Market Response and Industry Influence

The market response to Energizer's batteries with built-in testers was overwhelmingly positive, leading to increased sales and a strengthened brand reputation. Consumers appreciated the added value and convenience, which in many cases justified a slightly higher price point compared to standard batteries.

Industry Response

Following Energizer’s innovation, other battery manufacturers began exploring similar technologies to incorporate into their own products. Companies like Duracell and Rayovac developed their variations of battery testers, leading to a range of products with integrated power level indicators.

The innovation spurred further research and development within the industry, focusing on enhancing the accuracy and durability of the power testing features.

Challenges and Limitations

Despite its success, the development and implementation of the on-battery tester were not without challenges.

Development Challenges

  • Technical Complexities: Integrating a power tester into the limited space of a battery casing presented significant engineering challenges. The team needed to ensure that the addition of the tester did not compromise the battery's performance or its physical integrity.
  • Cost Considerations: The additional components required for the on-battery tester increased production costs, which had to be balanced with consumer price sensitivity and market competition.

Limitations of the Technology

  • Accuracy Issues: Initially, some users reported discrepancies in the accuracy of the power readings, especially as the battery neared depletion.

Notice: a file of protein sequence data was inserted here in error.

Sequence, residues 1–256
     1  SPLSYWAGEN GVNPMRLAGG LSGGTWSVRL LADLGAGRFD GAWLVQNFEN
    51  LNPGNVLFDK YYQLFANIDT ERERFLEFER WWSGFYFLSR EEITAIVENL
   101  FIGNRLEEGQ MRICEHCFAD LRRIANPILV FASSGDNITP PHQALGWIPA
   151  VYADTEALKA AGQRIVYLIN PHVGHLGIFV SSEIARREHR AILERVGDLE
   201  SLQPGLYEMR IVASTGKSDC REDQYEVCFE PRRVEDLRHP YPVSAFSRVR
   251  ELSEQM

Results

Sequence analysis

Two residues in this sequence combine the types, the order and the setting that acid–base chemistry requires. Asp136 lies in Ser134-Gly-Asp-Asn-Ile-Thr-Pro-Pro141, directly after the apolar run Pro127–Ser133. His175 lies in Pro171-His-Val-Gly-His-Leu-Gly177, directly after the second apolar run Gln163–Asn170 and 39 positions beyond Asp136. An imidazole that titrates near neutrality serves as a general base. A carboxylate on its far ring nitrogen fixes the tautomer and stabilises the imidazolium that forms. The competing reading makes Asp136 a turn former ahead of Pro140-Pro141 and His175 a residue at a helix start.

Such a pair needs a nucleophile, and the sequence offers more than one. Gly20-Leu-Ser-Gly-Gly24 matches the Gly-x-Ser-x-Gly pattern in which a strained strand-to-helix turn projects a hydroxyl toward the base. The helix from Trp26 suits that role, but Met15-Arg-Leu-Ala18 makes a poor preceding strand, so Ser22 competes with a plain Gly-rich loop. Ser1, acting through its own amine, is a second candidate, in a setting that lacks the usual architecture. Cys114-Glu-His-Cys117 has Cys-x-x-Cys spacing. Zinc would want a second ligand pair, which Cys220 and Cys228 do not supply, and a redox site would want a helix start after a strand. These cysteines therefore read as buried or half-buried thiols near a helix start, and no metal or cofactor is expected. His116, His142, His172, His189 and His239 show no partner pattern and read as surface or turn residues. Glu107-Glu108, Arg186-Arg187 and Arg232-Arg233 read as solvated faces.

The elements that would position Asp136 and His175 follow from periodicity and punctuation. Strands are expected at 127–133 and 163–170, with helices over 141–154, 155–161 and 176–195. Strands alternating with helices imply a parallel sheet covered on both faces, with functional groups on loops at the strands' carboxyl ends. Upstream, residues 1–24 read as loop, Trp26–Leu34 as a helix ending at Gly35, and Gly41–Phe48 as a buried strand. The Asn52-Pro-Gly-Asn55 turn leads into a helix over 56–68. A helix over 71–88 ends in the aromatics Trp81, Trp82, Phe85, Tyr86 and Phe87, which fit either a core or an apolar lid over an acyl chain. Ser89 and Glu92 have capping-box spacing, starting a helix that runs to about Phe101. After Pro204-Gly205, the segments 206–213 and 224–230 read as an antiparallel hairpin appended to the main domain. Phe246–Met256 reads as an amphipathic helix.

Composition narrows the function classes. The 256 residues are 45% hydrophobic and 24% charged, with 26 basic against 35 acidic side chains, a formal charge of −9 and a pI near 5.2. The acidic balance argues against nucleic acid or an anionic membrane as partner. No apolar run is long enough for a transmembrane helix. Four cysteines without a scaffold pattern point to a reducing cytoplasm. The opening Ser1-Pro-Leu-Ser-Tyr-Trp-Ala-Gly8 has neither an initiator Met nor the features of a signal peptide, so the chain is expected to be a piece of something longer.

• Environmental Factors: The chemical-based testers could be affected by extreme temperatures, leading to less reliable readings under certain environmental conditions.

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Areas for Improvement

Future developments could focus on enhancing the accuracy and reliability of the tester across a wider range of conditions. Additionally, integrating digital or more advanced electronic testers that provide more precise readings could address current limitations.

Energizer and other companies in the battery industry can improve and evolve the technology of on-battery testers by continually addressing these challenges and limitations, further enhancing consumer convenience and confidence in portable power sources.

Current Status of "Squeeze" Disposable On-Battery Testers

The use of on-battery testers, commonly known as "battery test strips" or "power check" features, has become less common, particularly in very small batteries like AAA or AA sizes.

These features were more popular in the 1990s and early 2000s. Companies like Energizer and Duracell included them in some of their battery models to allow consumers to gauge the remaining charge by pressing on the ends of the battery.

However, advancements in battery technology and changes in consumer electronics have reduced the demand for these features.

Devices now often have their own battery life indicators, and improvements in battery technology have made power management more efficient.

Additionally, the focus has shifted towards sustainability and reducing waste, leading to more interest in rechargeable batteries, which do not typically include such test features.

That said, for specific uses or in professional settings, there may still be specialized batteries with integrated testers or external devices designed to test battery charge levels.

Nonetheless, "power check" on-battery testers still can be found even in small AA and AAA batteries.

Lead-acid and Lithium Starting, Dual-Purpose, and Deep Cycle Batteries

Unlike small batteries intended for consumer electronics, larger 12V+ lead-acid and lithium batteries used in automotive, marine, light industry, RV, motorcycle, etc. batteries very often come with an onboard battery tester in the form of a digital voltmeter/tester combined with a small LED/LCD display.

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Unlike battery testers built in small batteries that operate due to the pressure applied to the battery ends, battery testers with digital voltmeters provide much more accurate information about the battery voltage and remaining battery capacity.

Also, some lithium batteries are WiFi or Bluetooth-enabled units, allowing the users to monitor and manage the batteries using smartphone Apps, but that is another story...